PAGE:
Amends Made in Wrongful Jailing

Joseph Heard, with attorney W. Thomas Stovall, leaves St. Elizabeths Hospital, where he was sent after spending 22 months in jail.
Joseph Heard, with attorney W. Thomas Stovall, leaves St. Elizabeths Hospital, where he was sent after spending 22 months in jail. (2001 Photo By Michael Williamson -- The Washington Post)
By Carol D. Leonnig
Washington Post Staff Writer
Friday, August 5, 2005

Joseph Heard, the deaf, mute and mentally disabled man who was mistakenly held in the D.C. jail for nearly two years, will receive between $1.2 million and $1.5 million from the District and a private contractor to settle a three-year-old lawsuit under an agreement approved yesterday by a federal judge.

The District also agreed to pay reasonable attorney fees for the law firm Heard used, although that amount remains in dispute. The private contractor, which provided medical services at the jail and was responsible for monitoring Heard, agreed to pay $640,000.

Yesterday's hearing marked the final chapter in a case of wrongful imprisonment that shocked top city officials, inmate rights groups and advocates for the disabled when it came to light almost four years ago.

Heard was arrested in November 1998 on a misdemeanor charge of unlawful entry and ordered committed to St. Elizabeths Hospital several months later. After doctors found him mentally incompetent to stand trial, a D.C. Superior Court judge in October 1999 dismissed the charge and ordered him set free.

But he was taken to the jail instead because computer records erroneously showed that he had an outstanding charge in another case. Although a records officer at the jail later learned that this charge, too, had been dismissed, the paperwork authorizing Heard's release never arrived.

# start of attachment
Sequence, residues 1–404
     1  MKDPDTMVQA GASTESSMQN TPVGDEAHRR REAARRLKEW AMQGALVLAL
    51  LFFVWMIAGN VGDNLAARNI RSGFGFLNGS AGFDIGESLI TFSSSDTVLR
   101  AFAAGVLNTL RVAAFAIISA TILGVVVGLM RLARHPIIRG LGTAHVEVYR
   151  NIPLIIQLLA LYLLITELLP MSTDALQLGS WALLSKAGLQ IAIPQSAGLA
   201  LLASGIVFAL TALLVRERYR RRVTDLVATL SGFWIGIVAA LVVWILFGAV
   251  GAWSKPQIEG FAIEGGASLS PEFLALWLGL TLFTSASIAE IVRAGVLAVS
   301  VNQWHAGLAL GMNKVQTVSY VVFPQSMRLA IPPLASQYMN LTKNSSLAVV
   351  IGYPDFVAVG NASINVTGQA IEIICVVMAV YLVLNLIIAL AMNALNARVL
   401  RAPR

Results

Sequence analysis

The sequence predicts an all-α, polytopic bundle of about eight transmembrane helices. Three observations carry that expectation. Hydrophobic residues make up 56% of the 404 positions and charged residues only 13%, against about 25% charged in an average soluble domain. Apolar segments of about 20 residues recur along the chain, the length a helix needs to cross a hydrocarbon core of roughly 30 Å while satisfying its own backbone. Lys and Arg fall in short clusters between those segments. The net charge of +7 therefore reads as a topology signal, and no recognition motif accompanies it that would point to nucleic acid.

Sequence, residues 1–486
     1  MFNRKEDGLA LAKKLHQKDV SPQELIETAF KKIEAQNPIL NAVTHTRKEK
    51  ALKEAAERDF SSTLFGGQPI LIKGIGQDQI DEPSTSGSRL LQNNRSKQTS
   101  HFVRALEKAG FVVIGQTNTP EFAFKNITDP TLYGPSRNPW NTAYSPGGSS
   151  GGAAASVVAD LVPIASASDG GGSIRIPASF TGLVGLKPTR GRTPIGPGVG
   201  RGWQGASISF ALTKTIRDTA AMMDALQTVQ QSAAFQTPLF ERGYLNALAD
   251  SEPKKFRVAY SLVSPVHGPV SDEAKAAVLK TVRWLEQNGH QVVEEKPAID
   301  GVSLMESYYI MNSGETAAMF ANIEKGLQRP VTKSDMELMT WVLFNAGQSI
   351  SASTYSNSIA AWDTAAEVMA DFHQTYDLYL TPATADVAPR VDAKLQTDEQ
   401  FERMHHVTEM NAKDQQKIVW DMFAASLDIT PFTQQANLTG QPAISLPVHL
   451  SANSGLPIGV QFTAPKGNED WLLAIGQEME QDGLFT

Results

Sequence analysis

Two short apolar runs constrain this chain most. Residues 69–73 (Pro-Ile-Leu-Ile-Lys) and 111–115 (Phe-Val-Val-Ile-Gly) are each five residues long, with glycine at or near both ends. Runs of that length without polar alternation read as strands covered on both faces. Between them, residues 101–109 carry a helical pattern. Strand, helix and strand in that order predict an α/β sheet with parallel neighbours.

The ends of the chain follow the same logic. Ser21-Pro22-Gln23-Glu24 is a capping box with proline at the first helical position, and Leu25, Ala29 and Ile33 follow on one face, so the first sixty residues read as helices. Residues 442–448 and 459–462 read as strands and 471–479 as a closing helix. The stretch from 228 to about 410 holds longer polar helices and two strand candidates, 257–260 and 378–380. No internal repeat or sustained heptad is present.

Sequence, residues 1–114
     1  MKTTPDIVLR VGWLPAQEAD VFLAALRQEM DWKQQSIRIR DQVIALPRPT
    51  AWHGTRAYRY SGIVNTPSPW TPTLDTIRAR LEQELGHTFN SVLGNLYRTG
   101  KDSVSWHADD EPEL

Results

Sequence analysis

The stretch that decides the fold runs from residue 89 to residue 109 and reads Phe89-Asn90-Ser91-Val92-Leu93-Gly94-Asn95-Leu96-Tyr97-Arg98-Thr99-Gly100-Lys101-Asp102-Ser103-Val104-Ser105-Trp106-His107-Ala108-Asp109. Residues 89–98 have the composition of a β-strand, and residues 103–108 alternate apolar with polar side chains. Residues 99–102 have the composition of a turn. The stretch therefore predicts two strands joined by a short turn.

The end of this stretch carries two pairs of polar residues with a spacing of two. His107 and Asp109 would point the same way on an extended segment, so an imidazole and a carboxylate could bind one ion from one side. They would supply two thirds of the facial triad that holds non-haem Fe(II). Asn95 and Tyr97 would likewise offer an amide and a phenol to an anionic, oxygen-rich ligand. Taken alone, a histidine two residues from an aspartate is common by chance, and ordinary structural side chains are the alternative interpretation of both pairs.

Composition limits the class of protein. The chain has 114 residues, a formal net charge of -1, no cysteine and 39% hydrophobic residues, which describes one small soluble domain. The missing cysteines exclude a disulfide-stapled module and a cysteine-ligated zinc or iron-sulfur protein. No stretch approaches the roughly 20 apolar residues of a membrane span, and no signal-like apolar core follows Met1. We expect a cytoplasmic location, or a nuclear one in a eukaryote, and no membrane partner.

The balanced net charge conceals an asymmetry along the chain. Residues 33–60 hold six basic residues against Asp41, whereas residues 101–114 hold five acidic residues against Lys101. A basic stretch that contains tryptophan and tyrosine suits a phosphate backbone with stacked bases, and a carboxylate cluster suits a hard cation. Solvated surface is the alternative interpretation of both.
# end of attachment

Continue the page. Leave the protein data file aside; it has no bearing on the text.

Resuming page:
Heard, who had received a diagnosis of paranoid schizophrenia, stayed at the jail until Aug. 13, 2001, after jail officials reviewing the files of inmates in the mental health unit wondered why they could not locate his records.

During those 22 months, he received no visits from family members, friends or attorneys. He often scrawled the word "innocent" on scraps of paper and tried to communicate through another inmate that his jailing was a big mistake, but guards and mental health staff ignored his pleas, according to Heard and several witnesses who gave depositions in his lawsuit.

Heard, now 45, lives in Orlando with his sister, Sandy Hayes, who is a nurse. He did not attend the hearing, and his sister said he has chosen not to return to Washington, except when necessary for meetings with his attorneys, because of memories of his ordeal.

"I'm glad they finally came to a settlement," Hayes said yesterday in an interview. "Hopefully, this will improve his life and he'll forget about those two years they took from him."

His attorneys said they incurred $1 million in legal fees representing him in the lawsuit. The District contests the amount, and the court is expected to decide on an appropriate fee.

Heard's attorneys said their legal costs would have been much lower if the city had not caused the case to drag on. John Moustakas, one of the attorneys, said the city repeatedly refused to provide certain jail records and stalled in discussing a settlement amount.

"They locked him up illegally and unconstitutionally for two years," Moustakas said. "It's an obvious case of false imprisonment and violation of his civil rights. But still, the District fought us and played around with us for two years."

CONTINUED     1        >

© 2005 The Washington Post Company